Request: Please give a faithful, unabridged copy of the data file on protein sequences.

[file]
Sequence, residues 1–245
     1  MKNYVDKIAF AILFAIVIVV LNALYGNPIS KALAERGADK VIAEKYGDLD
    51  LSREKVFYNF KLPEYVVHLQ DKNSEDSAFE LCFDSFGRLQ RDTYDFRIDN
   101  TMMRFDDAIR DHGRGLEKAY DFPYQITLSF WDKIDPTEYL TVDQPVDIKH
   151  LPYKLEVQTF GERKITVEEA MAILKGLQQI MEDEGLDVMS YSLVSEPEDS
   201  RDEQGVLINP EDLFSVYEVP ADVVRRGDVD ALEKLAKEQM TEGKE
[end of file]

Sequence, residues 1–245
     1  MKNYVDKIAF AILFAIVIVV LNALYGNPIS KALAERGADK VIAEKYGDLD
    51  LSREKVFYNF KLPEYVVHLQ DKNSEDSAFE LCFDSFGRLQ RDTYDFRIDN
   101  TMMRFDDAIR DHGRGLEKAY DFPYQITLSF WDKIDPTEYL TVDQPVDIKH
   151  LPYKLEVQTF GERKITVEEA MAILKGLQQI MEDEGLDVMS YSLVSEPEDS
   201  RDEQGVLINP EDLFSVYEVP ADVVRRGDVD ALEKLAKEQM TEGKE